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A federal judge’s determination this week that Detroit is eligible for bankruptcy was hardly surprising. The city is $18.5 billion in debt; as Bankruptcy Judge Steven Rhodes noted, it would have run out of money months ago if it had paid its bills on time.
The once-mighty Motor City can no longer legally increase taxes. It now provides such a wretched level of services that police may take an hour to respond when someone is murdered.
But Judge Rhodes raised eyebrows — and blood pressure — when he ruled that despite Michigan’s constitution, cutting the pensions of retired municipal workers would be legal as part of whatever restructuring plan the city’s emergency manager, Kevyn Orr, proposes.
The judge also seemed to leave the door open to a possible sale of some treasures of the Detroit Institute of Arts — a move that could bring the city hundreds of millions of dollars, but would destroy a major cultural resource. Within hours of the ruling, city leaders were working on a deal whereby a coalition of foundations would put up half a billion dollars to ransom, in effect, the art museum from Detroit.
Michigan Attorney General Bill Schuette is loudly challenging the judge’s ruling on pensions. But his attack seems more sound than substance, and motivated by the need to score political points as an election year approaches.
Nobody denies that Detroit’s creditors have valid grievances. Many people who lent money to the city in good faith are now going to lose most of it.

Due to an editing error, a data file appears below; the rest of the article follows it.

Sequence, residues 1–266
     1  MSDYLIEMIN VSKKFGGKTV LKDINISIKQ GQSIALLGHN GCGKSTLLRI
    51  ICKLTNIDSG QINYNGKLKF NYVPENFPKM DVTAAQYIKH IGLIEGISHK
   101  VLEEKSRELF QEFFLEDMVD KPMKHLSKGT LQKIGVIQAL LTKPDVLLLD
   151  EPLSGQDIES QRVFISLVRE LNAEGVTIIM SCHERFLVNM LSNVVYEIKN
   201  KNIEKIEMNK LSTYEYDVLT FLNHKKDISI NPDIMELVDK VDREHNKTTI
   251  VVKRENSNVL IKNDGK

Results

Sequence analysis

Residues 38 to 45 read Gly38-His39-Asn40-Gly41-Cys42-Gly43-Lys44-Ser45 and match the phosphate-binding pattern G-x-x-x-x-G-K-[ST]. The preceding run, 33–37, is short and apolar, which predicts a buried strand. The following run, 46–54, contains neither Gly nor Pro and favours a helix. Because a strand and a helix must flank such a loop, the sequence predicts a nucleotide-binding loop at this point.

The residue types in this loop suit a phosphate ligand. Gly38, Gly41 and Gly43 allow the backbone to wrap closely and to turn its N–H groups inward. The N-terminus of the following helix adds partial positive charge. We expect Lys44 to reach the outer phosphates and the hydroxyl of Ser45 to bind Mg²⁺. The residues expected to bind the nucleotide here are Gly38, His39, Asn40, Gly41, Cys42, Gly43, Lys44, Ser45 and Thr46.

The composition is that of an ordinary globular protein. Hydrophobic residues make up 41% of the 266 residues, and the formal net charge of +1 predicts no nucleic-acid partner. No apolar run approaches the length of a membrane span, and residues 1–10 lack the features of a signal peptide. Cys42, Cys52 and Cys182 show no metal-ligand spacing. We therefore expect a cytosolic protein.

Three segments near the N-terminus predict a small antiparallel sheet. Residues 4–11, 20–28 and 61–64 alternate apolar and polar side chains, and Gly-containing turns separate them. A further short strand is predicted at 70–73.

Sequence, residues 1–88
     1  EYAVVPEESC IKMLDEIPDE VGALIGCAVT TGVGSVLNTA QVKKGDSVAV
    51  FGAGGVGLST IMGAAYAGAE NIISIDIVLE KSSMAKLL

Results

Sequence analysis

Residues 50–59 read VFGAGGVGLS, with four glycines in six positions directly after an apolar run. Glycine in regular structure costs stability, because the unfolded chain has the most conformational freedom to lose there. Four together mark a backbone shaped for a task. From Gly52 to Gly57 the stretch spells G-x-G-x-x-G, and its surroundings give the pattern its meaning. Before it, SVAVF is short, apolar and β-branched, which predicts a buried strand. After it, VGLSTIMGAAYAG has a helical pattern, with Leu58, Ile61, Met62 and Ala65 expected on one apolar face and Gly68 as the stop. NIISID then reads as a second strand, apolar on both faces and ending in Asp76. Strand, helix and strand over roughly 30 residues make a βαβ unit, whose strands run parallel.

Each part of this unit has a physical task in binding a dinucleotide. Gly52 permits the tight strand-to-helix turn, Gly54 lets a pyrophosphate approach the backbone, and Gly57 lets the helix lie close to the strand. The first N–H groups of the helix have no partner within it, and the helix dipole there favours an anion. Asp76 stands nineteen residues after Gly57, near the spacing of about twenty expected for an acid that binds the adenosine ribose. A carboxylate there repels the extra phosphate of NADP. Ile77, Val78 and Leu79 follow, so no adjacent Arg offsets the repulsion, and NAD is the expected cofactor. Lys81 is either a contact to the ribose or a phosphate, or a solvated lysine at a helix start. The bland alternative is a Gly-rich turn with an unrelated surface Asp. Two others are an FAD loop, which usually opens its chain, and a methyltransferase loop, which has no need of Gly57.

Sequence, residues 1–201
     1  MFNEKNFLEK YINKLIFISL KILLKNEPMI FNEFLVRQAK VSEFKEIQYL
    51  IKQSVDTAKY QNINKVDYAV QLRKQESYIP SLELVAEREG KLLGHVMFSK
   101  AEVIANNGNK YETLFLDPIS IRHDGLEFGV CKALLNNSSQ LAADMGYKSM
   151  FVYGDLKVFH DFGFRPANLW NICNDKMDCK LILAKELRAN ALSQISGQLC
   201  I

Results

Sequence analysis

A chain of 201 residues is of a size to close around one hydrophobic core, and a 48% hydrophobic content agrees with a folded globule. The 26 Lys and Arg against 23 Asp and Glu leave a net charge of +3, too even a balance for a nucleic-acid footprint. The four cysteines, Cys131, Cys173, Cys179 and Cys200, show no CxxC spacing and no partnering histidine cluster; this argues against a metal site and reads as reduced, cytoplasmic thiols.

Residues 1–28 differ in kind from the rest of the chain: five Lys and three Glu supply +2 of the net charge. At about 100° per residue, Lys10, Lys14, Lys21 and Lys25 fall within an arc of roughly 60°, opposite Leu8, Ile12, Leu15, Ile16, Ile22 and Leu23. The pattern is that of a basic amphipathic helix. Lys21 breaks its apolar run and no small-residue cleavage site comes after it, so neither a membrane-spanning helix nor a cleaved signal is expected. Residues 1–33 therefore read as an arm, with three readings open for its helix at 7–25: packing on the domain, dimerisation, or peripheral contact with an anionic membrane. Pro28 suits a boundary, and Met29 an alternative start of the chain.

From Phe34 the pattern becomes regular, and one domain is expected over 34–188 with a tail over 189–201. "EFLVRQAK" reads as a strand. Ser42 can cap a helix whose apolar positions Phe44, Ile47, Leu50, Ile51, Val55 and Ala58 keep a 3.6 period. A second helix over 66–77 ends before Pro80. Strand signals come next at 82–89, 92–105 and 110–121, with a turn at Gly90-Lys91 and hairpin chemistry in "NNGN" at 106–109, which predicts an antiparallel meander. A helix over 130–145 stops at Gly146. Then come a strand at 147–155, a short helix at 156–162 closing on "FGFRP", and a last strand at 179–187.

But the question is: How much more should Detroit’s long-suffering citizens endure? That will be largely up to Mr. Orr, who is working on a restructuring plan, and Judge Rhodes, who must approve or reject it.
If pension cuts must be made, at the very least, a system of tiers must be established. It may make sense for a healthy 53-year-old clerical retiree to be asked to part with a portion of his pension. It would be unconscionable to ask a frail 90-year-old to give up any of hers.
The problem could be solved if Michigan Gov. Rick Snyder were to ask the Legislature to extend the state‘s guarantee of public-sector pensions to City of Detroit workers, in the interest of fairness.
The bankruptcy process will take months, and Detroit faces many difficult challenges. But as problems that have been shoved under the rug for decades are finally being dealt with, the city’s agonies bear watching.
Detroit is unlikely to be the last American city to wind up in receivership. Everyone needs to hope that a new Detroit will emerge from financial ruin, free of debt and with an opportunity to be viable and even prosperous again.
Whatever your politics, that outcome would benefit not just Detroit, but also all of Michigan, Ohio, and the Midwest.
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